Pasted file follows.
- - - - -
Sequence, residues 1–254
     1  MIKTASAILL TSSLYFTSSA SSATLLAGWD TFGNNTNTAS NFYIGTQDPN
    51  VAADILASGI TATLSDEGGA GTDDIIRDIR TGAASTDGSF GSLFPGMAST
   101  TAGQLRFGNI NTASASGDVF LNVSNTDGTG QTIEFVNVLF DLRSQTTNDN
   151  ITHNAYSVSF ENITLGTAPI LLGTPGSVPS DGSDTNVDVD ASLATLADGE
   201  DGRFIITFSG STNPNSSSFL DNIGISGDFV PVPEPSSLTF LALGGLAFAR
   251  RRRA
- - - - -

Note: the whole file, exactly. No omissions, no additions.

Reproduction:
Sequence, residues 1–254
     1  MIKTASAILL TSSLYFTSSA SSATLLAGWD TFGNNTNTAS NFYIGTQDPN
    51  VAADILASGI TATLSDEGGA GTDDIIRDIR TGAASTDGSF GSLFPGMAST
   101  TAGQLRFGNI NTASASGDVF LNVSNTDGTG QTIEFVNVLF DLRSQTTNDN
   151  ITHNAYSVSF ENITLGTAPI LLGTPGSVPS DGSDTNVDVD ASLATLADGE
   201  DGRFIITFSG STNPNSSSFL DNIGISGDFV PVPEPSSLTF LALGGLAFAR
   251  RRRA